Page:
THE YEAR is 1978, punk is revolutionising music across a dull and dreary land - sweeping aside the bloated corpse of superstar self-indulgence.
At least, it was in Britain’s seething cities - there was nothing much punk about Old Tupton, Chesterfield.
But then four bored teenagers came together as Spasms, carrying the torch for the scene in a short-lived blaze of banned gigs, attitude and chaos.
Now, nearly a quarter of a decade later, the quartet are back with the release of Return of the Spudgun Kids – an album collecting their studio work between ‘78 and ‘82.
It’s a collection of youthful rough diamonds that puts another nail in the coffin of claims that punks can’t play.
Single and stand-out track It Never Happens Like It Does On the Telly, which was released on the notable Ellie Jay label in 1980, is a case in point.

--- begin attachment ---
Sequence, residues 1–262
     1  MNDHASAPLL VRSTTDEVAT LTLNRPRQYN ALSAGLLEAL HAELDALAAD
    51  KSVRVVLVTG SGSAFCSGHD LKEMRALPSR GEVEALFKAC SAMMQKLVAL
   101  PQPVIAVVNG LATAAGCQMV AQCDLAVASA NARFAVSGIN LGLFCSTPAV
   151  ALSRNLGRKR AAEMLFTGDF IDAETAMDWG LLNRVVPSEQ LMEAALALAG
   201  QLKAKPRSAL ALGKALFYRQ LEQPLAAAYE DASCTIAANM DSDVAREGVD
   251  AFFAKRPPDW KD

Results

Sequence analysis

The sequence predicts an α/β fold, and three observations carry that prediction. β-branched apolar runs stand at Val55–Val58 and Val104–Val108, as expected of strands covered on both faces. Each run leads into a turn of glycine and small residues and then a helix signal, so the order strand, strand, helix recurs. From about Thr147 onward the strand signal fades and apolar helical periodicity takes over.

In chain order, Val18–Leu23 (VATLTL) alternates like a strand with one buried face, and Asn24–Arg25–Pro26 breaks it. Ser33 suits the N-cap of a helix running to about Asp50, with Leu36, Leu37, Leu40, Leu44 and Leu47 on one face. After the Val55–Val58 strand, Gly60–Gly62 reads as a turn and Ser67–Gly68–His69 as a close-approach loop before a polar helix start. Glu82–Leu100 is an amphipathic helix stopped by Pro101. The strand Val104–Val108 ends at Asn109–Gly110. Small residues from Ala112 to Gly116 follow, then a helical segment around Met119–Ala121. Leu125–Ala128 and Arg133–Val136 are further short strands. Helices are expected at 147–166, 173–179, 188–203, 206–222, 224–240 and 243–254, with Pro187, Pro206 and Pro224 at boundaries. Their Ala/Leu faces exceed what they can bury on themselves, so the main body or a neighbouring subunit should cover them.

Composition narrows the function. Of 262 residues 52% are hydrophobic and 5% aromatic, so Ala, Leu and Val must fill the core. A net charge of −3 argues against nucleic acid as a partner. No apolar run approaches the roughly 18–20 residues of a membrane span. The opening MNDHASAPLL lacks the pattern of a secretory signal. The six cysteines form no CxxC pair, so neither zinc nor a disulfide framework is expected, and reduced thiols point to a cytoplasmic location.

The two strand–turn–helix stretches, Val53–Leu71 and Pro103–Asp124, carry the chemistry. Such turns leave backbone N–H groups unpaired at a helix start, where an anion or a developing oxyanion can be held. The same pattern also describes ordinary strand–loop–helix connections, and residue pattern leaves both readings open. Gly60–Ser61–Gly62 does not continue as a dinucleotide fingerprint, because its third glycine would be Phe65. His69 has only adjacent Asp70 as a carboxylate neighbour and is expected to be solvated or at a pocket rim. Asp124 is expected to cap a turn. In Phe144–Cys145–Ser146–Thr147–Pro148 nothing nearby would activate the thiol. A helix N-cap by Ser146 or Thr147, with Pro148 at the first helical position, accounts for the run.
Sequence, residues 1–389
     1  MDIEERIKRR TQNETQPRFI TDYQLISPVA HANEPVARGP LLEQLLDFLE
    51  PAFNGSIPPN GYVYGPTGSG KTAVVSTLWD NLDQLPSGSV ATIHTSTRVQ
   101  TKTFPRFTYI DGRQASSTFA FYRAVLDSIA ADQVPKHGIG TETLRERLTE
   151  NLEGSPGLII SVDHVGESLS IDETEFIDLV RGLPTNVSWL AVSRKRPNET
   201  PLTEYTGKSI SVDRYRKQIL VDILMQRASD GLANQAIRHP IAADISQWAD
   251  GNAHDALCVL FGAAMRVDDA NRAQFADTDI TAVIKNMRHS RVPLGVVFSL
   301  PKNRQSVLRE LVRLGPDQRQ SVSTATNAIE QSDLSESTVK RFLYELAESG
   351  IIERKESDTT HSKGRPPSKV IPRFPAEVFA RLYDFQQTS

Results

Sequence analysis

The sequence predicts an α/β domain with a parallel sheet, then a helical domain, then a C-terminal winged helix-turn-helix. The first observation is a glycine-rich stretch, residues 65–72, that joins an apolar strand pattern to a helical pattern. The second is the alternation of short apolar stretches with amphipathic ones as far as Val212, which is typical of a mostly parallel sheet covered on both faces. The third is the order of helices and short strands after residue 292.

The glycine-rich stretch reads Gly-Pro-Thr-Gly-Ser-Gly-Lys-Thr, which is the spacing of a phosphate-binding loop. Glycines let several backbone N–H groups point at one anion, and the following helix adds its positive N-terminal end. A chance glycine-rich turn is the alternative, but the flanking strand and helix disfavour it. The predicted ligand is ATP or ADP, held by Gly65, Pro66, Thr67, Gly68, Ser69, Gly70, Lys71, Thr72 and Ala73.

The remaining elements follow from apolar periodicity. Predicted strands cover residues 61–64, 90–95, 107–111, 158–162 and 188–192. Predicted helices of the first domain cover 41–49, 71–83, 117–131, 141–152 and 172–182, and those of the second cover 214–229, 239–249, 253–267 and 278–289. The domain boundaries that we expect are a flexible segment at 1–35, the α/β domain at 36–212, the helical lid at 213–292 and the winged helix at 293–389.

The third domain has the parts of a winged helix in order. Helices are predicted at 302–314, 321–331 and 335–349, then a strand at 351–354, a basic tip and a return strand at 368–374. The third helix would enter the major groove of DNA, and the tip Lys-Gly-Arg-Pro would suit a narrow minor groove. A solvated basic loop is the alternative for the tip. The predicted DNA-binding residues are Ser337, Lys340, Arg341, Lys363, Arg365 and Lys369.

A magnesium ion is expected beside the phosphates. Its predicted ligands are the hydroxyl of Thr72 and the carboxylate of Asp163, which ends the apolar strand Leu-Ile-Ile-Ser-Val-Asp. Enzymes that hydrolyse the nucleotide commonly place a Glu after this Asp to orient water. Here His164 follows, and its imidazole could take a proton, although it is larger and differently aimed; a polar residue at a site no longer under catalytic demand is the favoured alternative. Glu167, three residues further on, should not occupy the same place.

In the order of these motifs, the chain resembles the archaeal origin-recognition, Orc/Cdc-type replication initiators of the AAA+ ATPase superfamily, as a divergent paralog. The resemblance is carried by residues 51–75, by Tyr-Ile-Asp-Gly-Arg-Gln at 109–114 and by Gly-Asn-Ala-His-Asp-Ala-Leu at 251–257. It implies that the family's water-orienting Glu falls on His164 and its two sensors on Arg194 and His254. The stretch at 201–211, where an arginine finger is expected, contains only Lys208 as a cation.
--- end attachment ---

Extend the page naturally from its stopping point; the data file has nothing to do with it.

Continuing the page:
With an effervescence reminiscent of the Buzzcocks, it fuses punk-pop melody with wry lyrics on the reality of life.
Sign To Go waits almost a whole minute before bringing in the vocals – time enough for the Ramones to have knocked out half an album – but shows their confidence and a maturity beyond their years.
While the almost spoken-word vocals on I’ve Been There point to the new wave style of a lo-fi Talking Heads.
Across these 14 tracks, angular guitars and great choruses showcase the musical spirit of the age – an adventurous DIY ethic safety-pinned through the nose to devil-may-care creativity.
So turn back the clock and set your dancing pants to pogo...
The album, released on Only Fit For The Bin Records, is available via amazon and www.detour-records.co.uk